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5 Escudos, prata, Infante D. Henrique, 1960.

Started by Luis Cozeto, September 26, 2022, 06:01:18 PM

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Your coin is a nice specimen of a type that would have pleased the conservative and nationalist powers that be in 1960. Commemorative coins often celebrate births, rather than deaths, but the nationalists had no choice. The 300th anniversary of the prince's birth was in 1894, when they were not in power and they apparently didn't wait until the 400th anniversary in 1994.

This coin is well decribed in Numista 11159, but they have missed a point. On the top of the Portuguese arms is a device that normally does not occur on Portuguese coins. In heraldry, this is called a label, a funny anglification of the French word lambel.

The engraver had a point to put it there. The design shows a man in medieval clothes and the lettering is Gothic, giving it a medieval look. In medieval times, the death of a military leader on the battlefield could lead to fatal confusion over who was in command. The heraldic solution used was that the designated second in command would cover his shield with a piece of cloth, hanging from a rails. If the leader was killed, his successor (usually his son) would simply move the cloth behind the shield, that showed the full arms of the leader.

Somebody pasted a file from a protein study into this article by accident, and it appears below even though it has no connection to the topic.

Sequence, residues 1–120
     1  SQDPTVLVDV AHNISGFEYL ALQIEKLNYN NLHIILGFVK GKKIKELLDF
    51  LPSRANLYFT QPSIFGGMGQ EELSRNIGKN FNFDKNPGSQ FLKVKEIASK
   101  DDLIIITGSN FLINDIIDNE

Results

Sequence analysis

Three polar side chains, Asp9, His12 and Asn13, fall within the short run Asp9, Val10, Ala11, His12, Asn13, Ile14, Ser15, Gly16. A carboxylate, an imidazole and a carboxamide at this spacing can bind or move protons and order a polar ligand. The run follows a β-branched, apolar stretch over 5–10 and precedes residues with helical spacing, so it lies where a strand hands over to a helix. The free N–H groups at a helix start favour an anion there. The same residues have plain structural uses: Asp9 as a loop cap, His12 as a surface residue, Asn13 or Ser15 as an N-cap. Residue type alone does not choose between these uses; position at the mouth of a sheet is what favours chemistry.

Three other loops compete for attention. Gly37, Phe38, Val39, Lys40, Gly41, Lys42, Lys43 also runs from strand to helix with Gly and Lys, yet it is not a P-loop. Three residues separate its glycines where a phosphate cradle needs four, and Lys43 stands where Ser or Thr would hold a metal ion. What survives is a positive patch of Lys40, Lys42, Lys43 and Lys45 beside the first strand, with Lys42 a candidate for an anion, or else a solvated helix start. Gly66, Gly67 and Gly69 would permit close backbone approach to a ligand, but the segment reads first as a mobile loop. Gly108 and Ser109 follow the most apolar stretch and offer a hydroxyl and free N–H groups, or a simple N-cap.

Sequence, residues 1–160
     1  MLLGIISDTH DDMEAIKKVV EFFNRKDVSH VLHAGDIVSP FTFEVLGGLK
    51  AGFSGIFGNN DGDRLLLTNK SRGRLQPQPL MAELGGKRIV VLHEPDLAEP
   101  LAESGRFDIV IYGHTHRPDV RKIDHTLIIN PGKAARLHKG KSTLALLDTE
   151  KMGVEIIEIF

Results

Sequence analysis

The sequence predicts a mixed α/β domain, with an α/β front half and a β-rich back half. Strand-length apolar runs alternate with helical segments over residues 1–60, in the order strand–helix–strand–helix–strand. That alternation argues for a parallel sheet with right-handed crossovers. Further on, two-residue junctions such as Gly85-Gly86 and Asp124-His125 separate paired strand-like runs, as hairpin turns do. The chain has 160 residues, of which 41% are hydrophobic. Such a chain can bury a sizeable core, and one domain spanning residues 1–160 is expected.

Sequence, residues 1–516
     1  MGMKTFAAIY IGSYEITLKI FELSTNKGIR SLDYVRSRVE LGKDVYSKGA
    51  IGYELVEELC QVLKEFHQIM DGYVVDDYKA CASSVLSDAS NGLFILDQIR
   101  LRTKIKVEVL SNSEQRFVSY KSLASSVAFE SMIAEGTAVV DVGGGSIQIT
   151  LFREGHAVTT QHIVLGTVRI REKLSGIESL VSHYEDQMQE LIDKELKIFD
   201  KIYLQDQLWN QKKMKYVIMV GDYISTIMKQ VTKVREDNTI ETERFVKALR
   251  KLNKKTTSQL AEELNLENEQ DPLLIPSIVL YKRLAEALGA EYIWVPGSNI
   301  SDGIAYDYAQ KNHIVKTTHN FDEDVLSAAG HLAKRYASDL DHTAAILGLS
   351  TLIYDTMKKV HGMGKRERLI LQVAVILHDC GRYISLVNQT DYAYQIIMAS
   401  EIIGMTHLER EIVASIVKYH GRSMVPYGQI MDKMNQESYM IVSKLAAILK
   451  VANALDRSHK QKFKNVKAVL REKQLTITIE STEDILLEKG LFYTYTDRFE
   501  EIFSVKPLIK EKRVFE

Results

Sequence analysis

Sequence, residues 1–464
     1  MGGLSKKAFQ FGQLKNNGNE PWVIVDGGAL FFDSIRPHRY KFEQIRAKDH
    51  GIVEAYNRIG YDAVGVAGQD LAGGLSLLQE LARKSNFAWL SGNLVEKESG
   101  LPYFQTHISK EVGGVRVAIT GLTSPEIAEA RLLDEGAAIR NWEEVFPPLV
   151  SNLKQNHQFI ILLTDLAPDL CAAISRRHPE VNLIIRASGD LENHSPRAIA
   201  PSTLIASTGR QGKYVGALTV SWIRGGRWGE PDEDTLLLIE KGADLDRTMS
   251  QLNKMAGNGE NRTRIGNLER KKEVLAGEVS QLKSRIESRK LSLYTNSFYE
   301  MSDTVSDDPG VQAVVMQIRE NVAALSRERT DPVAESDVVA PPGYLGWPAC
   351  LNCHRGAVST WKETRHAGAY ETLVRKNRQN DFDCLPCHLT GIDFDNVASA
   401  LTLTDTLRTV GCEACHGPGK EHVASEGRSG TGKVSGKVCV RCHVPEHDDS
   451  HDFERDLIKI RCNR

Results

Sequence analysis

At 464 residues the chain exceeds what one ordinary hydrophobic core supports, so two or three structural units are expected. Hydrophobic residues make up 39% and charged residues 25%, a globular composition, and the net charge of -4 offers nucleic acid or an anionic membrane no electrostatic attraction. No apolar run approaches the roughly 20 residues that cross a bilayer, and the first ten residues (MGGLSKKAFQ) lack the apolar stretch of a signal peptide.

Portuguese law (like the law in many other kingdoms) stipulated that no one could use the king's arms (cadency). Sons of the king therefore had to use a variation of the king's arms. This led to the rails becoming a heraldic symbol added to the father's coat of arms, making it suitable for his sons. The heraldic symboltook the form of a strap crossing the horse's chest, whose name, lambelle, it took. The arms shown are therefore not those of Portugal, but those of a prince (infante) of the house of Aviz, in this case Henry.

An unidentified coin is a piece of metal. An identified coin is a piece of history.